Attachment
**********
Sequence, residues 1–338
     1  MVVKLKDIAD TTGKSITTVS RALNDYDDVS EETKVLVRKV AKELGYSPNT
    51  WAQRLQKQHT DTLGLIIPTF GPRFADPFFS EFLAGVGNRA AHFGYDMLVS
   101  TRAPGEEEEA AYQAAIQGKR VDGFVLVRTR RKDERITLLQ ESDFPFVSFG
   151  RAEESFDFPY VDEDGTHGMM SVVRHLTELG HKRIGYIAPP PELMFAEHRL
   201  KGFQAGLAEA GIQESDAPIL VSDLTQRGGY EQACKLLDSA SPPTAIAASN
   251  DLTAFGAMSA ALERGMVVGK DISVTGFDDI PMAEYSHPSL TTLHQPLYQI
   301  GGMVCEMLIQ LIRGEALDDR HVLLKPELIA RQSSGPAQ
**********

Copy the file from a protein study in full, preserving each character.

Sequence, residues 1–338
     1  MVVKLKDIAD TTGKSITTVS RALNDYDDVS EETKVLVRKV AKELGYSPNT
    51  WAQRLQKQHT DTLGLIIPTF GPRFADPFFS EFLAGVGNRA AHFGYDMLVS
   101  TRAPGEEEEA AYQAAIQGKR VDGFVLVRTR RKDERITLLQ ESDFPFVSFG
   151  RAEESFDFPY VDEDGTHGMM SVVRHLTELG HKRIGYIAPP PELMFAEHRL
   201  KGFQAGLAEA GIQESDAPIL VSDLTQRGGY EQACKLLDSA SPPTAIAASN
   251  DLTAFGAMSA ALERGMVVGK DISVTGFDDI PMAEYSHPSL TTLHQPLYQI
   301  GGMVCEMLIQ LIRGEALDDR HVLLKPELIA RQSSGPAQ